Storied South Routt ranch enters conservation agreement


Flying Horse Ranch, located 4 miles south of Stagecoach Reservoir, is now protected in a conservation easement through Colorado Cattlemen’s Agricultural Land Trust.
Courtesy photo

A storied working ranch in South Routt County that acts as a wildlife buffer zone between critical habitat on nearby public lands is now protected thanks to a conservation easement through the Colorado Cattlemen’s Agricultural Land Trust.

The 321-acre Flying Horse Ranch, located about 4 miles south of Stagecoach Reservoir along the edges of Routt National Forest and the Sarvis Creek Wilderness Area, has been in the Dequine family since 1967. The ranch land in the Morrison Creek Valley also provides habitat for elk, deer, moose, bear, mountain lions and coyotes, according to Lou Dequine III.

“We are stewards of the land, and we want to see it remain as it is and provide venues that are compatible with the conservation values,” said Dequine, 73, a longtime large animal veterinarian who operates Flying Horse Veterinary Services and often flew himself via helicopter to area ranches.



Dequine said the conservation easement is key to preserving the open space and wildlife habitat as the nearby Stagecoach subdivisions develop, as well as maintaining the ranch as a legacy for future generations of the family. The ranch is also home to a cross-country jumping course that hosts pony club events. The course was created by Lydia Dequine, who passed away unexpectedly in 2016, said step-daughter Kari Dequine Harden.

Through the years, the property has supported hunting, fishing, sheep and cattle and was home to the Kids Cavalry all-girls summer riding camp. The weeklong camps at Kids Cavalry attracted hundreds of campers through the summers from 1997 to 2007, where they spent days riding through the forest and camped alongside the property’s 7.5-acre pond.



Amber Pougiales, assistant director of external relations with Colorado Cattlemen’s Agricultural Land Trust, attended the horse camp as a girl.

“It’s difficult for me to describe just how much this conservation project means to me. I spent two weeks each summer at the Kids Cavalry riding camp, and Lou Dequine and his late wife, Lydia, are responsible for the creation of many of my fondest childhood memories,” Pougiales said. “The completion of the Flying Horse Ranch conservation easement provided me with the rewarding opportunity to not only protect an ecologically significant property but to also protect a place and thank a family that played an impactful role in my formative years.”

The Dequine family raised Suffolk sheep on the ranch for a dozen years. Now, they graze older lambs during the summers for lamb stews, chops and other dishes at the historic Antlers Cafe & Bar in downtown Yampa, operated by Harden and her husband, Spencer. Lou, who is semi-retired, also boards horses, treats neighboring horses and works irrigating and haying the land at Flying Horse Ranch.

Rancher and veterinarian Lou Dequine III drives a tractor last week at Flying Horse Ranch.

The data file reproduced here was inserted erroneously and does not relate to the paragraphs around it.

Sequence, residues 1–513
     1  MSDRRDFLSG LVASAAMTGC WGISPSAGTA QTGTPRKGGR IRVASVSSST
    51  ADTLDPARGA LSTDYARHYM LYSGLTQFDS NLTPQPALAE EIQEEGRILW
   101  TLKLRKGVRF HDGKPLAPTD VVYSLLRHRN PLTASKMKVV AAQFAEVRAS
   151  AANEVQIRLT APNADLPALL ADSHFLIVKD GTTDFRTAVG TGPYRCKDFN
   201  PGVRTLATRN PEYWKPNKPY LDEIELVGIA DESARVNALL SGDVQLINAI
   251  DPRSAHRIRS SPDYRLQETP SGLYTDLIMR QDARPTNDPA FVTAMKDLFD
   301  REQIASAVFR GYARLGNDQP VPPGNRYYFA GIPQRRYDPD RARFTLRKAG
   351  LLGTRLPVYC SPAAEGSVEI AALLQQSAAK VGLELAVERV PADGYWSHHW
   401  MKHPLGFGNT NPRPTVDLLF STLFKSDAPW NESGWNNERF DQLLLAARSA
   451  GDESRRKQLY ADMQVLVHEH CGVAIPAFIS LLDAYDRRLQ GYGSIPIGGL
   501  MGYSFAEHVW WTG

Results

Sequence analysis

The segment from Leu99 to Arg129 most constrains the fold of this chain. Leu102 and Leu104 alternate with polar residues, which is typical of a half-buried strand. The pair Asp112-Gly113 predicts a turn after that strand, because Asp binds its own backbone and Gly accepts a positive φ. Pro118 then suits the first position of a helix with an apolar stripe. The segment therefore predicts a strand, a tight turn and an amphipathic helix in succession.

Courtesy photo

The conservation project also received funding from Colorado Parks & Wildlife Habitat Partnership Program due to the strong wildlife habitat, Pougiales said.

“Privately owned agricultural lands play a critical role in landscape-scale conservation by creating buffer zones to open space, protecting wildlife corridors and supporting critical wildlife habitat,” Pougiales said.

Flying Horse Ranch, located near Lynx Pass, was part of an original 1,000-acre ranch purchased by Lou’s father and later split between two partners, including Bob Adams, namesake for the Steamboat Springs airport. Another third of the original ranch entered into a conservation through the Rocky Mountain Elk Foundation about two years ago, and the remaining third sold in the spring to a conversation-minded owner, Dequine said.

Pougiales said the nonprofit currently is seeing an increased desire and demand for conservation services in northwest Colorado, “which outpaces nearly every county in the state.

“That can be at least partially attributed to development pressures that exist in northwest Colorado and desires to protect ag land, open space and wildlife habitat,” Pougiales said, noting the economic pressures of the COVID-19 pandemic also plays a role in the increased interest.

Suffolk lambs are finished on summer grass at Flying Horse Ranch, located south of Stagecoach Reservoir, for use at Antlers Cafe & Bar in Yampa.
Kari Dequine Harden/Courtesy photo

“The financial benefits do contribute to owner desires to complete conservation easements to ensure the ability to continue to practice ag and potentially pass on their work to the next generation,” Pougiales explained.

She said land transfer statistics show Routt County experienced a 48.5% increase in gross volume of real estate sales from 2019 to 2020. “This demand has placed significant pressure on development,” she said, “and caused an unprecedented increase in real estate value, challenging the economic viability of our largest and most rooted industries and placing never before seen development pressure on our agricultural lands and open space.”

The conservation transaction was made possible by the Routt County Purchase of Development Rights Program, which voters approved in 1996 to allow a property’s development rights to be purchased from willing landowners. With the addition of Flying Horse Ranch, Colorado Cattlemen’s Agricultural Land Trust now has 68,481 acres in conservation easements in Routt County, Pougiales said.



Read More:Storied South Routt ranch enters conservation agreement

2021-11-22 22:00:00

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